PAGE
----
A prominent Hong Kong activist has been convicted by court and jailed for fifteen months for organising an 'illegal assembly' to commemorate the Tiananmen Square Massacre on June 4, 2021 in defiance of prevailing Covid-19 restrictions in the city. 36 year-old Chow Hang-tung was also a member of the now-defunct Hong Kong Alliance in Support of Patriotic Democratic Movements in China.
Chow has represented herself in court, arguing that the purpose of her actions was to commemorate the anniversary of Tiananmen Square, not to incite a gathering. She was arrested shortly before June 4. Magistrate Amy Chan in the West Kowloon Magistrates' Court said the assembly caused "a public health risk."
Chow had already been sentenced to 12 months in prison for inciting and taking part in a similar vigil in 2020. But five months of her fresh sentence will run concurrently with this, meaning she will spend a total of 22 months behind bars.
The activist used part of her court appearance to read out testimonies from those who had lost their family members in the massacre that took place in 1989, warning the court that "red lines would keep expanding" and public space to discuss Tiananmen would disappear entirely in Hong Kong.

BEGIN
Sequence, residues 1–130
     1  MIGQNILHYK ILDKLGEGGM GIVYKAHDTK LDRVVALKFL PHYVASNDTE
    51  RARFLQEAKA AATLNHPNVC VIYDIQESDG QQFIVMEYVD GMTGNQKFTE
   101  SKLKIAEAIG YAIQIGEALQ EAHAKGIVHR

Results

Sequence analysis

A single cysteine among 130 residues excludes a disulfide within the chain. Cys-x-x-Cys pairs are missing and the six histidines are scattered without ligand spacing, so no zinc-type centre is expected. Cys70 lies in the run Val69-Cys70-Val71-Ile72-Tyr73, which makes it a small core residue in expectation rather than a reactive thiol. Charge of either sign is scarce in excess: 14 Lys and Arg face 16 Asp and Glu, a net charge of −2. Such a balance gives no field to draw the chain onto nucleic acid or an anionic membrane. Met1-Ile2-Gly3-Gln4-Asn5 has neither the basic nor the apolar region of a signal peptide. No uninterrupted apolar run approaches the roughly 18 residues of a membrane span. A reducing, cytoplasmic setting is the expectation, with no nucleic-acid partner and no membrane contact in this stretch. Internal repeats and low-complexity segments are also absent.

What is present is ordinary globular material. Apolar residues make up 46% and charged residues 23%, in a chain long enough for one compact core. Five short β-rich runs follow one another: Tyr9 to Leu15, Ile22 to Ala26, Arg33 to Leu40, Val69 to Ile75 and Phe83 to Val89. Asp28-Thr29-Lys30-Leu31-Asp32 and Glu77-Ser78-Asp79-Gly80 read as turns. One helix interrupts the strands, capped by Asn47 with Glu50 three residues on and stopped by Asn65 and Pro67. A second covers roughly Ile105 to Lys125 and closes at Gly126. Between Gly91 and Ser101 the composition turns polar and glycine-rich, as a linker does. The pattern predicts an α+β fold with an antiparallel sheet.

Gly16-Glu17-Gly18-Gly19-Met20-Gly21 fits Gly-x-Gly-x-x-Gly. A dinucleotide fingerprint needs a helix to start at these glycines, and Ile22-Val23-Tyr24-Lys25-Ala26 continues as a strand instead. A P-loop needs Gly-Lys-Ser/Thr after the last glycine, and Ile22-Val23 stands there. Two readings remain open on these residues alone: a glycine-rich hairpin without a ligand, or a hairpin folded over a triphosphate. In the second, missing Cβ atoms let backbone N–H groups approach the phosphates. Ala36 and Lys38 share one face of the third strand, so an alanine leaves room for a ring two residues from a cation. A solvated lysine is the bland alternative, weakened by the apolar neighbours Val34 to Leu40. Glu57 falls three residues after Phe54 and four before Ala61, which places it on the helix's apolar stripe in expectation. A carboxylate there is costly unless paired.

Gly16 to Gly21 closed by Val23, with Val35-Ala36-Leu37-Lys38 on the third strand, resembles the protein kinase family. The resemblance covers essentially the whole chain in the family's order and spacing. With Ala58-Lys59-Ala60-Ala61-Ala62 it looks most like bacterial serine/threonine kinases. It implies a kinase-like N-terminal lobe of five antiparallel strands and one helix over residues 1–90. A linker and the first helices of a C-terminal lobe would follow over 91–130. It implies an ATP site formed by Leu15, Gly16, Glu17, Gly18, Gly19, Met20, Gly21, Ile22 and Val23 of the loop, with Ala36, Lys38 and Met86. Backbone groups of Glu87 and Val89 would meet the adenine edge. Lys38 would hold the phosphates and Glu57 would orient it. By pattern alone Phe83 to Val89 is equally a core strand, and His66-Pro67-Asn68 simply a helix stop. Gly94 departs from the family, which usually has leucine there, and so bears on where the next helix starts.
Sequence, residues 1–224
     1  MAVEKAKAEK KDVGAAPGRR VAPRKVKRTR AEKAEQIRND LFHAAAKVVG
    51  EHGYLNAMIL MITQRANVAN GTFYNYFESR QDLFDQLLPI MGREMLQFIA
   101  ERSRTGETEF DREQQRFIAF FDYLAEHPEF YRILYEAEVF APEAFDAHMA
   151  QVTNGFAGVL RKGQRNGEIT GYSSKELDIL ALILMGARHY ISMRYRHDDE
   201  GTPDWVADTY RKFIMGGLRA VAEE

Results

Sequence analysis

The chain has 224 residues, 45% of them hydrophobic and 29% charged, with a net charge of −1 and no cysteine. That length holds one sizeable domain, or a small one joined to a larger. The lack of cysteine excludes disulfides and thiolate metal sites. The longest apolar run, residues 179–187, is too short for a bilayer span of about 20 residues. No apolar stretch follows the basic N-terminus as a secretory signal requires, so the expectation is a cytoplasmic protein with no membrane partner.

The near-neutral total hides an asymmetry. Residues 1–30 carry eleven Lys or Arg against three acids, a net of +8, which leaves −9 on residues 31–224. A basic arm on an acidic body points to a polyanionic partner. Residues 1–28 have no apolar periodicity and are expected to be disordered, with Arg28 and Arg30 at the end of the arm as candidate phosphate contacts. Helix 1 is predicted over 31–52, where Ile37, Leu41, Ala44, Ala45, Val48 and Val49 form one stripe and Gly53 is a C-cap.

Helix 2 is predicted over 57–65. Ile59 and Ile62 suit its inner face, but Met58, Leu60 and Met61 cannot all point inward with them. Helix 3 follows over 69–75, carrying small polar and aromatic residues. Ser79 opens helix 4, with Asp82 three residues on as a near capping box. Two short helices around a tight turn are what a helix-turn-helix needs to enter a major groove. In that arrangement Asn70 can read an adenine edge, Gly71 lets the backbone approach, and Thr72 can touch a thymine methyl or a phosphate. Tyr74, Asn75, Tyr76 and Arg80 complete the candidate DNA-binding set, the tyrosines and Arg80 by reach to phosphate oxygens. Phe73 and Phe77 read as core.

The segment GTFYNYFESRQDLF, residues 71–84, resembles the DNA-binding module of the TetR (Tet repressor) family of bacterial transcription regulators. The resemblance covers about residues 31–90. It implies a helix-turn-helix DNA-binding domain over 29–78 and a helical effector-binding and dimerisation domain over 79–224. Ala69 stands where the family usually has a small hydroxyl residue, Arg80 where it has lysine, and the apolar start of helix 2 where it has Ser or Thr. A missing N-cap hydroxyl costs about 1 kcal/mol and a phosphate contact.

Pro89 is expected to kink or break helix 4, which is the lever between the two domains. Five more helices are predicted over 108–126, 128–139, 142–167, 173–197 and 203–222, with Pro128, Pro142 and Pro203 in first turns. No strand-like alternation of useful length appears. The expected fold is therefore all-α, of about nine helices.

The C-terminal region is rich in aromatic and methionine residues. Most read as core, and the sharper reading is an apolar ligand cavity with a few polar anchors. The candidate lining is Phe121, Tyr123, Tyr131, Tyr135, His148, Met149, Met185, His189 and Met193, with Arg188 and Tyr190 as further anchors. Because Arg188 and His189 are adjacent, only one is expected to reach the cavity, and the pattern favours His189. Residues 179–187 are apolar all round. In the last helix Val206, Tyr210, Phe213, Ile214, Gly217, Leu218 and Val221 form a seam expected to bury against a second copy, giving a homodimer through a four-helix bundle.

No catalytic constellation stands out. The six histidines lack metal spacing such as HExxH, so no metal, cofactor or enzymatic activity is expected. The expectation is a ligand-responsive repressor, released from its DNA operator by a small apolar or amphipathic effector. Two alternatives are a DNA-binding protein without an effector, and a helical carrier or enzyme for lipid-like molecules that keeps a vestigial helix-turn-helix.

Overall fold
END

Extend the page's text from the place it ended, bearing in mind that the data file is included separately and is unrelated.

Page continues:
Sixteen other activists are already serving sentences of 4-10 months related to the 2020 vigil. Two democracy campaigners facing similar charges, Nathan Law and Sunny Cheung, have fled Hong Kong.
A crackdown on pro-democracy forces in Hong Kong has shut down many activists like Chow, including pro-democracy news outlet The Stand. Chow also faces charges of inciting subversion under a sweeping security law imposed by Beijing in 2020. The Alliance dissolved amid that investigation, with police accusing it of being an "agent of foreign forces," which the group had denied.
The banning of vigils related to June 4 began in 2020, when coronavirus restrictions were established although pro-democracy groups alleged it was pressure from Beijing that lead to the outlawing of gatherings for the commemoration.